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The Blue Noses
DATUM 29. Nov. 2005 - 11. Jan. 2006 Ort DIEHL

Viacheslav Mizin, Alexander Shaburov

(The Blue Noses Group)


The Blue Noses Group is the most impressive phenomenon at the turn of the 21st century. The main body of the Group is formed by a couple of artists, who have come to Moscow from the eastern regions of Russia — Viacheslav Mizin from Novosibirsk and Alexander Shaburov from Ekaterinburg. They often work in cooperation with two other Novosibirsk artists — Konstantin Skotnikov and Alexander Bulnygin — and photographer Evgeny Ivanov. Besides, the Group often invites their friends-artists, relatives, children, curators and gallery workers as extra players. Sometimes they give the joint performances with Novosibirsk rock-group “Nuclear Elk”.

The principal genre of The Blue Noses is a sort of performances, to be more exact — pranks, sketches or gags, played by the artists before the video camera. These pranks are not the rehearsed plays but a symbiosis of “pat roles” and impromptus. It is as remote from theatre acting and direction as a photograph or video clips are far from photographic or video art. The “documented” pranks of the Blue Noses Group are hanging between everyday and artistic phenomena, looking like a semi-professional, semi-amateur activity, in which the intentional fiasco is indistinguishable from dilettante lapse.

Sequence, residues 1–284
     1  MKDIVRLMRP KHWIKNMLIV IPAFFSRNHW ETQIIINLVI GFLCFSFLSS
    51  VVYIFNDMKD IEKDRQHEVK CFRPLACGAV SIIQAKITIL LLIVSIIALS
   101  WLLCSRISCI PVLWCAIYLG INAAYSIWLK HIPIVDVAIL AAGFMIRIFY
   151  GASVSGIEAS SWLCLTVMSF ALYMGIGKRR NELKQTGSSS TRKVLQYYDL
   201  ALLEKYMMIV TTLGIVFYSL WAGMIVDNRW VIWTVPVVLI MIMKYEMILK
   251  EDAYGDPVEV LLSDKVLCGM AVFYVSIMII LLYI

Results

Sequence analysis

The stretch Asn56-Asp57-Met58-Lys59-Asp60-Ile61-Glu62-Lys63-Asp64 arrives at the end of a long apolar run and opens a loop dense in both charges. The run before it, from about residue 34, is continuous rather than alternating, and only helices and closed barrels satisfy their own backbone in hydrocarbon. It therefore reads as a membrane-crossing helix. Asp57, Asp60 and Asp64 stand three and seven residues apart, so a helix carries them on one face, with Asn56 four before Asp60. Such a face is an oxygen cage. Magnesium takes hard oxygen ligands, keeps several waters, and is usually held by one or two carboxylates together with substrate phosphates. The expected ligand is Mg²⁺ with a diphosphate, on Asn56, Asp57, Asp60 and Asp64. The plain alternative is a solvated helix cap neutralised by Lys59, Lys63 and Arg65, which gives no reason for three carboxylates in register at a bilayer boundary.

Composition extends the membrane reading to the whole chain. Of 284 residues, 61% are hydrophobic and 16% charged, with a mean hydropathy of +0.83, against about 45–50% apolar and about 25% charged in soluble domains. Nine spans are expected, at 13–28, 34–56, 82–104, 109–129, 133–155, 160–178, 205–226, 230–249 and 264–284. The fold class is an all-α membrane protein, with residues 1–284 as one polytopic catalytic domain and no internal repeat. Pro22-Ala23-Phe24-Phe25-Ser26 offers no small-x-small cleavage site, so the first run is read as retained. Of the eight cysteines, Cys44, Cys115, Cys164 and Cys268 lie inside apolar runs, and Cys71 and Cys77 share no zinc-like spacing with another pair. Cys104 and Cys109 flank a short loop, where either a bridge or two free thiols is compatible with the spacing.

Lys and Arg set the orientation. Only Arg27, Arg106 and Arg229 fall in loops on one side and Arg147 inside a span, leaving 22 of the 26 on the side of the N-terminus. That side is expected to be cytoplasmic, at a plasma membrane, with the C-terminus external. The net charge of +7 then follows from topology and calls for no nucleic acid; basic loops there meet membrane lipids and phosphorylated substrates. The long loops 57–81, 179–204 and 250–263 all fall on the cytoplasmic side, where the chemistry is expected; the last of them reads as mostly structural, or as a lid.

Unlike the majority of artistic groups, arising in Russia in large quantities and working as launching pads for the individual creative activity of their participants, the foundation of The Blue Noses Group drew a line under its members’ personal careers. It applies first of all to Mizin, Shaburov and Skotnikov. Behind any one of them is the more or less successful, though not very long individual haul in the wake of one of the contemporary art tendencies. When joining the Group, they consciously threw away their previous experiences and distanced from the contemporary art as such. They don’t want to appear as “contemporary artists”.